History Of The World And Its Various Cultures Essay

History Of The World And Its Various Cultures Essay

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Throughout the world, a substantial amount of people are interested in the history of the world and its various cultures. Museums house artifacts these people visit to study the past, previous cultures, and even “pre-history” events that occurred before written and pictorial evidence of human activity. These collections begin from various sources: donations, archaeologists, and in some cases, built over time by explorers taking items back to their homelands. However, despite the fact museums can be very educational for visitors, if desired, these items should either return to their homelands or, at the very least, more mutually beneficial arrangements worked out for the exchange and sharing of these relics in order to support both – or multiple – countries.

World history has always involved exploration and journeys to new places, most of these explorers either trading for items to return to their homes with or simply taking them as souvenirs of their journeys. Many cultures are fighting for these items as they feel these items should be home and not for display in foreign countries. Items may range from jewelry to pottery to entire remains of human skeletons taken, or perhaps sold, from tombs for study and/or display elsewhere. However, many of these items moved from place to place through smuggling and for profit and due to this reason, return ought to occur simply based on moral grounds.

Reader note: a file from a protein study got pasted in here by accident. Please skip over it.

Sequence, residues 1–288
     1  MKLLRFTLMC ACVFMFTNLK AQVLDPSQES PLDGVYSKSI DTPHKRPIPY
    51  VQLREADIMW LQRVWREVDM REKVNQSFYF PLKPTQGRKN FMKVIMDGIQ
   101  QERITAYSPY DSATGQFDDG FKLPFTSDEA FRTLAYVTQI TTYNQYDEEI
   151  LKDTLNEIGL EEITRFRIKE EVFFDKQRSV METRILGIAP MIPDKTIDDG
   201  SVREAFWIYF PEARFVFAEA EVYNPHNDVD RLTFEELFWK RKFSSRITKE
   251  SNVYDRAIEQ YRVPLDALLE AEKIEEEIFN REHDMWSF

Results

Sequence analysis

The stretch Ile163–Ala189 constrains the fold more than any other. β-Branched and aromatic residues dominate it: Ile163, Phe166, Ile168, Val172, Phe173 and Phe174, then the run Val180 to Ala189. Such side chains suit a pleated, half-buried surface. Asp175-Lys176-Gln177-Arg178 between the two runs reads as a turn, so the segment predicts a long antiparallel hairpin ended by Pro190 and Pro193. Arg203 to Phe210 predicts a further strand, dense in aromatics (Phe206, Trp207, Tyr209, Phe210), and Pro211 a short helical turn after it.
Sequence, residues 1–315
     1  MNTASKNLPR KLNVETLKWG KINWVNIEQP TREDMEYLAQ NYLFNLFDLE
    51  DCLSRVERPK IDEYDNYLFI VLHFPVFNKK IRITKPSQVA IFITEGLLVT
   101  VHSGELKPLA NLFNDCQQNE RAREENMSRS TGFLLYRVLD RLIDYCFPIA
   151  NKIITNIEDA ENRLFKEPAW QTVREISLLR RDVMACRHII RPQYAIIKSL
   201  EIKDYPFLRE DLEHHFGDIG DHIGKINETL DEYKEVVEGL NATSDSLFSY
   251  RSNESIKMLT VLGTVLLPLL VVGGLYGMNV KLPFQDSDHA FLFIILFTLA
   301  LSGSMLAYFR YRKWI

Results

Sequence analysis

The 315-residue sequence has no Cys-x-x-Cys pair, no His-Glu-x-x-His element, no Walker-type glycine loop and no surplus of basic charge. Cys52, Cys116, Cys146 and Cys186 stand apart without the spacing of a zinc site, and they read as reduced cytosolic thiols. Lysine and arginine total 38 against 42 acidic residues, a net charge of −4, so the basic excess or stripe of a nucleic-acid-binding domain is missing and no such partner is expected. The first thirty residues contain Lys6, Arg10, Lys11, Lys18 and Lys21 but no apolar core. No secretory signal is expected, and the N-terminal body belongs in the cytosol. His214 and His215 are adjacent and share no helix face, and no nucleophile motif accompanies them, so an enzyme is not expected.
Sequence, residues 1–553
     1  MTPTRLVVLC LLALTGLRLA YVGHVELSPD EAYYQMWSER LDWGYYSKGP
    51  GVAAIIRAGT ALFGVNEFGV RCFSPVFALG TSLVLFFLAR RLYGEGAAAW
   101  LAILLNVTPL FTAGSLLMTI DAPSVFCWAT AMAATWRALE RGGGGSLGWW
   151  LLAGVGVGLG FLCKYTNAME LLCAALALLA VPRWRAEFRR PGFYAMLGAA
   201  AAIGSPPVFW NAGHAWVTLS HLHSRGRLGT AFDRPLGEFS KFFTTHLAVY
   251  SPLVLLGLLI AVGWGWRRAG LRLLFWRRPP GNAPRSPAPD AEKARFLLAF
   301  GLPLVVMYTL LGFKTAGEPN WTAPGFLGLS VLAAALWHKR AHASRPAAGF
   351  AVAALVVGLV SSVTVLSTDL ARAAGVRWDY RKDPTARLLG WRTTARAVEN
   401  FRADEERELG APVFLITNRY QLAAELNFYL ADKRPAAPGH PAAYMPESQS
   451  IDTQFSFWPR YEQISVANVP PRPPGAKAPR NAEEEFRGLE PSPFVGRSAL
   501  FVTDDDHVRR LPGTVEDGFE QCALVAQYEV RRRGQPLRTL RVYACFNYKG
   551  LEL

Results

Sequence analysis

According to archaeology and history law expert Tess Davis:
“There has been a shift in the way museums treat suspect antiquities, as we see in the behavior of the Metropolitan in New York […] I do believe that some--most, I hope--museums have changed because it 's the right thing to do. But even the less moral institutions must realize t...

... middle of paper ...

...very unlikely for there to be a solution whatsoever for that very reason. Since there can be no 'central ' museum for all to visit in one location, adjustments and agreements must be made to right these wrongs and make all parties content in the choices made, whether it be a country regaining what was lost, agreeing to 'share ' items, or a museum keeping them on loan from a country and paying them to host the items in place of sending them back.

It is most certainly important that we share history and ensure it be preserved, taught, and tangible to the world. However, is almost important to right wrongs and recognize the methods used to acquire and transport artifacts was, more often than not, wrong and illegal (and that more people are made aware of this fact) and these countries be permitted to find some solace and ways to piece their histories back together.

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